If you’d told someone in 1922 that in 50 years time a guy in a space suit would be dancing across the surface of the moon singing, “I was strolling on the moon one day, in the merry merry month of
December May,” that person would more than likely have suggested you were a pop-up mechanism short of a fully functioning toaster. But it happened.
So when I tell you that at some point down the road an astronaut may be laying out a blanket and a variety of picnic utensils on the surface of Mars before settling down to enjoy a pizza he printed on his spacecraft, kindly pause for a moment. For it’s on the cards. Really.
You see, under its Small Business Innovation Research program, NASA has just awarded mechanical engineer Anjan Contractor a grant worth $125,000 to help him create a 3D printer for food. Contractor, head of Texas-based Systems & Materials Research Corporation, grabbed NASA’s attention last year with his chocolate printer, which combines powdered food products with water before laying it out on a cookie.
In the next six months, he aims to make significant progress building a food synthesizer that could be fitted aboard a spacecraft and used to print out meals to feed astronauts on unspeakably long space missions, such as to Mars. The printer would work to combine various food-based powders with water and oil.
“Long distance space travel requires 15-plus years of shelf life,” Contractor told news site Quartz in an interview this week. “The way we are working on it is, all the carbs, proteins and macro and micro nutrients are in powder form. We take moisture out, and in that form it will last maybe 30 years.”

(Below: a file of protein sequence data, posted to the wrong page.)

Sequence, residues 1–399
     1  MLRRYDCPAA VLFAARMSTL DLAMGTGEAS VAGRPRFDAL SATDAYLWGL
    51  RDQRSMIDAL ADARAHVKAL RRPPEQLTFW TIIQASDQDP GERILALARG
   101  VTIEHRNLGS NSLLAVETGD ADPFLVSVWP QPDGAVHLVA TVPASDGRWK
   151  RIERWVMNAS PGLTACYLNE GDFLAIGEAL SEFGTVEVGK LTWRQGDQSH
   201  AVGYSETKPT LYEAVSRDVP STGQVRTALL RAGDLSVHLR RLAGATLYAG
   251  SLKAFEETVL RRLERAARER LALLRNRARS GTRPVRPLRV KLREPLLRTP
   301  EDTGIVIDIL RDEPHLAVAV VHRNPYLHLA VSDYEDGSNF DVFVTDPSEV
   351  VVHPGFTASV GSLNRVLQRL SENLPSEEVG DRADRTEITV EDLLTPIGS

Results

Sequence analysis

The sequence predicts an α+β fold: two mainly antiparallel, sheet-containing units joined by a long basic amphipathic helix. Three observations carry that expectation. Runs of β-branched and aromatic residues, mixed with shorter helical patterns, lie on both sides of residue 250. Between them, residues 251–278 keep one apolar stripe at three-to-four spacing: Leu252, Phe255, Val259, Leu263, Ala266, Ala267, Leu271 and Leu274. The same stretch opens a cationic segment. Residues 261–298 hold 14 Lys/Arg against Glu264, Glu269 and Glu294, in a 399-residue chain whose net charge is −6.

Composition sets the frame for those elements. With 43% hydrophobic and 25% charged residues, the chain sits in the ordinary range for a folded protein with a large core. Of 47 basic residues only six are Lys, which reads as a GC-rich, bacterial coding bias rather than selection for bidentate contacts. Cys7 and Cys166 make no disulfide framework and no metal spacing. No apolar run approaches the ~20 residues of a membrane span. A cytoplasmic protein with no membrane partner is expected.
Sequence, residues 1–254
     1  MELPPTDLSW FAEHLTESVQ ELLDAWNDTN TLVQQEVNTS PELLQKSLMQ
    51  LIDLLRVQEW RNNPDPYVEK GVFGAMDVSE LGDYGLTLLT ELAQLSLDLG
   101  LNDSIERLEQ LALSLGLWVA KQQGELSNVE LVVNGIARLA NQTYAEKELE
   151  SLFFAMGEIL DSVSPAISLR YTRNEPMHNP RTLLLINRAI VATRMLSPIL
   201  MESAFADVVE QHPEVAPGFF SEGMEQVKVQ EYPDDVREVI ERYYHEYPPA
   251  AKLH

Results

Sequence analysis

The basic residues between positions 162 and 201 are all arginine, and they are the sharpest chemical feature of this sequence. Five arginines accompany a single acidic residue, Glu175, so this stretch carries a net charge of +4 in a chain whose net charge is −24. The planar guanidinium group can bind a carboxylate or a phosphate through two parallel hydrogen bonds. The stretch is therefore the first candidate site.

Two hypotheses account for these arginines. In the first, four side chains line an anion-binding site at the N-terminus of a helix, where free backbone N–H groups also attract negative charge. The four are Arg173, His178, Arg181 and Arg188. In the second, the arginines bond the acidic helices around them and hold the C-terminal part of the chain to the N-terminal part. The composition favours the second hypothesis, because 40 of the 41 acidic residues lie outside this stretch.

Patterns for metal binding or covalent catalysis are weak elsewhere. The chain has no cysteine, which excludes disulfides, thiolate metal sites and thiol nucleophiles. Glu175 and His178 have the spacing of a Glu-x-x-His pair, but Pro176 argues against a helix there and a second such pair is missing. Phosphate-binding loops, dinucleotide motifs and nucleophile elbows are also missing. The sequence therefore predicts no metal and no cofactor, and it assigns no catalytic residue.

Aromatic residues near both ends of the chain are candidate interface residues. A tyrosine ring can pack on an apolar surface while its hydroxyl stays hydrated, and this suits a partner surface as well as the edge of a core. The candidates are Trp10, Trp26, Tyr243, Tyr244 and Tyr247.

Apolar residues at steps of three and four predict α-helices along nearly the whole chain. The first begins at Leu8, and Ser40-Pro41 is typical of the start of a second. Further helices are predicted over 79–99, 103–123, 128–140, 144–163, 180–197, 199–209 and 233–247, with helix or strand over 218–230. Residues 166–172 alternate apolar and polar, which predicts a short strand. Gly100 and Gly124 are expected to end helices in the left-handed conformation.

As Quartz points out in its report, “pizza is an obvious candidate for 3D printing because it can be printed in distinct layers, so it only requires the print head to extrude one substance at a time.”
According to Contractor, the food is baked as it’s printed by way of a heated plate upon which the food lands. For a pizza, once the dough and tomato base are both down, the printer will add an all-important “protein layer”.
So there you have it – pizza on Mars via a 3D printer is certainly a possibility, though it might not be quite as tasty as a custom-made effort laden with a ton of pepperoni, Italian sausage, red onions, green peppers and enough cheese to fill a black hole.
[Image: Africa Studio / Shutterstock]
- Fighting football injuries with 3D-printed, hyper-personalized pads
- The best 3D printers under $500
- Inside the quest to 3D print a perfectly palatable steak
- 3D printing lets hospitals make ventilator substitutes with common equipment
- 3D-printed ventilator valves help out Italian hospital rocked by coronavirus